• Frequency and intensity of noisy or otherwise unsocial activities;
  • The existing character and prevailing use of the area;
  • Impact on public services and infrastructure such as parking, water supply, foul drainage and waste collection;
  • Use of communal areas and shared access;

Although to be assessed on a case-by-case basis, it is considered that a detached house in rural area, used on a single household basis as a short term let is less likely to represent a material change of use than the use of a flat in a multiple unit building in an urban area. Given the way the legislation has developed, it is not possible to generally conclude that the use of houses as short term lets will not be material and the use of flats will be material, but in general this is expected to be the prevalent outcome if single household occupancy levels are maintained.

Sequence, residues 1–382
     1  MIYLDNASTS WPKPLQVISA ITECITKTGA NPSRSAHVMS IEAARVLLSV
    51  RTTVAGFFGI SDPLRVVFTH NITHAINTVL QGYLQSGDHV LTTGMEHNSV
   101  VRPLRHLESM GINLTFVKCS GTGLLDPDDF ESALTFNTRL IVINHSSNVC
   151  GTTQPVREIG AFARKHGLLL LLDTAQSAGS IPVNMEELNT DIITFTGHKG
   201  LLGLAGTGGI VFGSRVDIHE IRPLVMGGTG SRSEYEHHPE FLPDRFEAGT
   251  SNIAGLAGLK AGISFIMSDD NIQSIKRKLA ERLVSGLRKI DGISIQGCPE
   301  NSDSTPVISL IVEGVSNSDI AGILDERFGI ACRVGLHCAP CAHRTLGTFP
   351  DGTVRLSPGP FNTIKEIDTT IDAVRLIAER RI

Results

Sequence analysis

Home Sharing / Bed & Breakfast

Use Class 9 (dwellinghouses) of the Town and Country Planning (Use Classes) (Scotland) Order 1997 permits use as a bed and breakfast establishment or guesthouse, where at any one time not more than two bedrooms are used for that purpose, or not more than one bedroom in the case of premises having fewer than four bedrooms

This continues to apply if the property is in a Control Area.

Further Guidance:

Informal Advice Required:

Hosts/Operators requiring property specific guidance on the requirement for planning permission for the change of use of an existing dwelling are advised to submit their enquiry via the Council’s Pre-Application Enquiry Service. Please note that this is a chargeable service and that whilst the webform has not yet been updated to include a ‘short-term let’ category an enquiry can still be submitted by identifying the development as a single change of use proposal (see example screenshot below) and providing a suitable description of the development proposed.

Formal Decision Required:

Hosts/Operators who require a formal decision from the Council confirming the planning status of their premises are advised to either submit an application for planning permission (new/existing development operating for less than 10 years), or a certificate of lawful development (existing development operating continuously for a period exceeding 10 years). Applications can be submitted online